Israeli Military Prosecutor Seeks Gag Order on Verdict Implying Suspect Was Tortured

This comes after judge refused to strike from the ruling a mention of 'special methods' used during interrogation of Palestinian suspect

Amira Hass
Amira Hass
Send in e-mailSend in e-mail
IDF soldiers conducting a raid following the murder of Rina Shnerb, 2019
IDF soldiers conducting a raid following the murder of Rina Shnerb, 2019Credit: IDF Spokesperson
Amira Hass
Amira Hass

A military prosecutor sought a gag order on Sunday on a section of a sentence implying that the defendant was tortured during his interrogation, after the military judge refused the prosecution’s request that this section be removed from the text.

Based on a plea bargain, Khaled Qu’ad was sentenced Sunday morning to two years in prison for failing to prevent the West Bank attack in which Rina Shnerb was murdered in August 2019. He was also convicted of membership in the Popular Front for the Liberation of Palestine.

The judge, Maj. Merav Hershkowitz Yitzhaki, summarized in her sentence the background of the case, and wrote that about a month prior to the attack Qu’ad was with one of the convicted perpetrators, Qassam Barghouti, who said that he planned to commit a major attack. Qu’ad asked to be let out of the car they were in, saying “I don’t want to get involved in this.” The two have had no contact since.

She also noted that both sides — prosecution and defense — asked her to respect the plea bargain they reached, adding, “I was told that the deal stemmed from significant evidentiary problems, since, among other things, special methods were used during the interrogation of several people, including the person who incriminated the defendant, questioned in an ‘investigation of necessity.’”

“Special methods” usually means that torture was used in the interrogation. “Investigation of necessity” means the usual restrictions on interrogation tactics don’t apply because the investigator claims he needs information urgently, such as to prevent an attack.

The prosecutor, Capt. Moshe Meshorer, immediately submitted a request to amend the sentence by erasing this paragraph. Defense attorney Mahmoud Hassan objected and the judge rejected the request.

Hershkowitz Yitzhaki wrote in the ruling that the prosecution never claimed the interrogation tactics were classified. Moreover, she said, the sentence presents both sides’ positions, and “the parties didn’t disagree over the reasons” for the plea bargain.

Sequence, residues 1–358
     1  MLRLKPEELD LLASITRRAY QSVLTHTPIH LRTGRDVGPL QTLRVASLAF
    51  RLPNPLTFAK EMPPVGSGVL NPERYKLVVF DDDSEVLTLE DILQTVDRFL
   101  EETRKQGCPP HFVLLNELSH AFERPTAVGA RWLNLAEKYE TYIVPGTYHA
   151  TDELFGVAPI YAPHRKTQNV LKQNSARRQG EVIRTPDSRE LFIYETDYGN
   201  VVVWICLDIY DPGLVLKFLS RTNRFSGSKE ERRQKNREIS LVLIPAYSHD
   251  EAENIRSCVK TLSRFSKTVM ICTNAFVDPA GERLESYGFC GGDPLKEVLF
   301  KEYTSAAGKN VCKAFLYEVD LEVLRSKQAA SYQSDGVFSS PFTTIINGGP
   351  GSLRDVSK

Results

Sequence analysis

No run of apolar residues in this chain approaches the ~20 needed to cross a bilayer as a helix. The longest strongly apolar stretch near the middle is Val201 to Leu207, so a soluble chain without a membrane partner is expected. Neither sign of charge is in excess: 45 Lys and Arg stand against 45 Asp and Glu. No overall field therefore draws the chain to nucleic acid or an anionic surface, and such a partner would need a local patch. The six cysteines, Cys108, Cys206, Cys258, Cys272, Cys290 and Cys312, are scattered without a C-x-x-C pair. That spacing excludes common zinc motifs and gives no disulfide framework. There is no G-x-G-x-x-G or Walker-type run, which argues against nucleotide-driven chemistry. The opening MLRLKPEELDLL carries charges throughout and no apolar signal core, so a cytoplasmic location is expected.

Nevertheless, she added, she should have made clear that the statement about the “interrogation of necessity” came from the defense attorney only.

Click the alert icon to follow topics:



Automatic approval of subscriber comments.
From $1 for the first month

Already signed up? LOG IN


Charles Lindbergh addressing an America First Committee rally on October 3, 1941.

Ken Burns’ Brilliant ‘The U.S. and the Holocaust’ Has Only One Problem

The projected rise in sea level on a beach in Haifa over the next 30 years.

Facing Rapid Rise in Sea Levels, Israel Could Lose Large Parts of Its Coastline by 2050

Tal Dilian.

As Israel Reins in Its Cyberarms Industry, an Ex-intel Officer Is Building a New Empire

Queen Elizabeth II, King Charles III and a British synagogue.

How the Queen’s Death Changes British Jewry’s Most Distinctive Prayer

Newly appointed Israeli ambassador to Chile, Gil Artzyeli, poses for a group picture alongside Rabbi Yonatan Szewkis, Chilean deputy Helia Molina and Gerardo Gorodischer, during a religious ceremony in a synagogue in Vina del Mar, Chile last week.

Chile Community Leaders 'Horrified' by Treatment of Israeli Envoy

Queen Elizabeth attends a ceremony at Windsor Castle, in June 2021.

Over 120 Countries, but Never Israel: Queen Elizabeth II's Unofficial Boycott